10 Reasons Iran's New Jet Will Never Leave The Ground

Qaher 313

Photo: The Aviationist

Iran built up the release of their new domestically produced jet weeks in advance of its recent debut, but the unveiled fighter is drawing more mockery than the praise Tehran hoped for.We previously outlined the jet’s traits and how it could theoretically fill a gap in the country’s favoured military maneuvers; and here we lay out 10 reasons the plane Iran showed the world can’t be what it claims.

(For a detailed analysis, check out The Aviationist.)

None of this means Tehran isn’t building a fighter to do what this one’s supposed to, but the one here could simply never fly.

Overall, the plane seems to lack the characteristic rivets and bolts all aircraft, including stealthy ones, require to hold together.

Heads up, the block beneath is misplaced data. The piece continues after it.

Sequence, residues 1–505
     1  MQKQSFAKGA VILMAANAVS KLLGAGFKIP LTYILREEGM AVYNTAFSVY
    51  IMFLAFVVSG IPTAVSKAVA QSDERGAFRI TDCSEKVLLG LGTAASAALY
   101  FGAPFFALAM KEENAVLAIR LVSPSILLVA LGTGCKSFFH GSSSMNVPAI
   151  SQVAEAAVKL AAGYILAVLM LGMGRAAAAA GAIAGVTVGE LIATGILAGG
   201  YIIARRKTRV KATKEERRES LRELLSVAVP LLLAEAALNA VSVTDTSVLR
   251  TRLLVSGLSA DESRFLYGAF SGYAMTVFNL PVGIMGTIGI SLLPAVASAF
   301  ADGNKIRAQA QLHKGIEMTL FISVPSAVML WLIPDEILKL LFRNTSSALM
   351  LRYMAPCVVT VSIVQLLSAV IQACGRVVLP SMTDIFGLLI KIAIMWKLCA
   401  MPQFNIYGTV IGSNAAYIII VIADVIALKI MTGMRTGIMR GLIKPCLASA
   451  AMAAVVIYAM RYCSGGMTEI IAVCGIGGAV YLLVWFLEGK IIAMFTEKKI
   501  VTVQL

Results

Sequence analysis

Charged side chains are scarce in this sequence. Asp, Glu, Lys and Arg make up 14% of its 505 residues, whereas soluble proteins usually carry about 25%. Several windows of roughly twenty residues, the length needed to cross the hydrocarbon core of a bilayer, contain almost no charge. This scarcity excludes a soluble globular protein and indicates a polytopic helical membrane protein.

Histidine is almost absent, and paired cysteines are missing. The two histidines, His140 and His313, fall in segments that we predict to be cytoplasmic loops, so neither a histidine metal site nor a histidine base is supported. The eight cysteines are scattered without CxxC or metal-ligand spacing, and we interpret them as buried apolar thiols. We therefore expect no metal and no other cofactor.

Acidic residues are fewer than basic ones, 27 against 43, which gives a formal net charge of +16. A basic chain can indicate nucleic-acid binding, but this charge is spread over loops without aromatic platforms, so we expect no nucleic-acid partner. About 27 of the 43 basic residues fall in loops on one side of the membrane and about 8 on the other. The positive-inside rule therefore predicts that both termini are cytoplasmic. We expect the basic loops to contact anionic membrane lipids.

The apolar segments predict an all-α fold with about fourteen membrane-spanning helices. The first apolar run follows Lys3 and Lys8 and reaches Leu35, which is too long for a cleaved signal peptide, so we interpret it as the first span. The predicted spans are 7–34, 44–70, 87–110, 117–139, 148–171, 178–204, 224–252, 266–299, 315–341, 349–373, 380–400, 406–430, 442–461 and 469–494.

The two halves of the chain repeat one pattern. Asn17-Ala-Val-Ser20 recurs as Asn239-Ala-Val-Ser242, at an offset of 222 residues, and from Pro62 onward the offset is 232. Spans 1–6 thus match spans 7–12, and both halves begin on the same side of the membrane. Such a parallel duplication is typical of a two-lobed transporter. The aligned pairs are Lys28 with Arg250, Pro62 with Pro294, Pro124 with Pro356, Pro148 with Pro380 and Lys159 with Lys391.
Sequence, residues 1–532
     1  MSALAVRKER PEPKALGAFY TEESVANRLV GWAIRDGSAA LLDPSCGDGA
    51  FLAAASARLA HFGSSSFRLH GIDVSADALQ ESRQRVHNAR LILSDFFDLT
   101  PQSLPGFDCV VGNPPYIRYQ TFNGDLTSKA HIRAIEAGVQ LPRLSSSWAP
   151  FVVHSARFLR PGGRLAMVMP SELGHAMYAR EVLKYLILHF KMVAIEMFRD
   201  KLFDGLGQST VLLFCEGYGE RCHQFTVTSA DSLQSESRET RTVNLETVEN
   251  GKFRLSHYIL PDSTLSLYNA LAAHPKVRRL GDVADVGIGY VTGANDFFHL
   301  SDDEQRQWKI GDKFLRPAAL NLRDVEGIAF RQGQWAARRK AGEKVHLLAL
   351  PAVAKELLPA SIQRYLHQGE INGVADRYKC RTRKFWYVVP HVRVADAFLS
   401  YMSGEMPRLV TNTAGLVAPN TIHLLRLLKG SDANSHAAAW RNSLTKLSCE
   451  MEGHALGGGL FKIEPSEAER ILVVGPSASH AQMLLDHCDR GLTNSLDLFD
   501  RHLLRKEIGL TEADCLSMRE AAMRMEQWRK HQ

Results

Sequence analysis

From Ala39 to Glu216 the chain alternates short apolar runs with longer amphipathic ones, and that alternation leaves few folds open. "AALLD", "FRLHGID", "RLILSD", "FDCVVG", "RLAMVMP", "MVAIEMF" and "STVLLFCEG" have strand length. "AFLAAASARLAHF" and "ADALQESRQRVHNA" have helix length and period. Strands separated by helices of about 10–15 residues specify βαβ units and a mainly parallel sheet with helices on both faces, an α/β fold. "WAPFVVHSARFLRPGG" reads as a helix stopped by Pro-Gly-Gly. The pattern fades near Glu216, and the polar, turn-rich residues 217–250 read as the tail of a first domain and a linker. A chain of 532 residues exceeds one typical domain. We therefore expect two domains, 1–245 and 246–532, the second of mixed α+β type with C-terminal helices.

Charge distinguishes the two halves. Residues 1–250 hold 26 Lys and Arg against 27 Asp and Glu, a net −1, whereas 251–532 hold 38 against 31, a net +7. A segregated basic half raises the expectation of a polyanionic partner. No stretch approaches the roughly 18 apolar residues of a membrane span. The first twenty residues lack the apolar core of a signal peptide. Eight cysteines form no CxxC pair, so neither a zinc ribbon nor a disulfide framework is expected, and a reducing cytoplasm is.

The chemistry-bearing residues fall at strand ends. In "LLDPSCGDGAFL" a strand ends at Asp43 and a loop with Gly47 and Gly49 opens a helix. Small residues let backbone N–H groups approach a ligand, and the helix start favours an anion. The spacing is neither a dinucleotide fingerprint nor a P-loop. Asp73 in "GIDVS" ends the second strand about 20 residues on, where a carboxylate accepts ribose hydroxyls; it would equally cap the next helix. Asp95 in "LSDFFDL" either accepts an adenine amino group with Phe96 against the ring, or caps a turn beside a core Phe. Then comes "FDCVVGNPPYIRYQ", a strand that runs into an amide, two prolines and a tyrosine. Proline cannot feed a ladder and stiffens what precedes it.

The engine exhaust lacks any kind of required nozzle. The use of an afterburner (or, simply, the engine temperature) could possibly melt the entire structure of the jet.

The general shape of the plane is bold to say the least, but the wings seem too small to sustain the weight of the aircraft, especially if this is intended to carry a powerful engine and internal payload.

The aircraft sports fixed canards (tiny forward wings) and the the air intakes look too small to feed a modern jet engine.

The size of the plane and cockpit are too small: a normal pilot could not properly fit in the ejection seat.

The flying aircraft shown in the video is a radio controlled model.

It looks like some Iranian media outlets confirmed the flying aircraft was an RC-model.

The canopy lacks transparency and looks like it is made of Plexiglas

The cockpit and, above all, the front panel are unbelievably simple; comparable to that of a low end general aviation plane.

And really, the whole aircraft seems to be made of plastic

Those are just a few examples of the jet's layout

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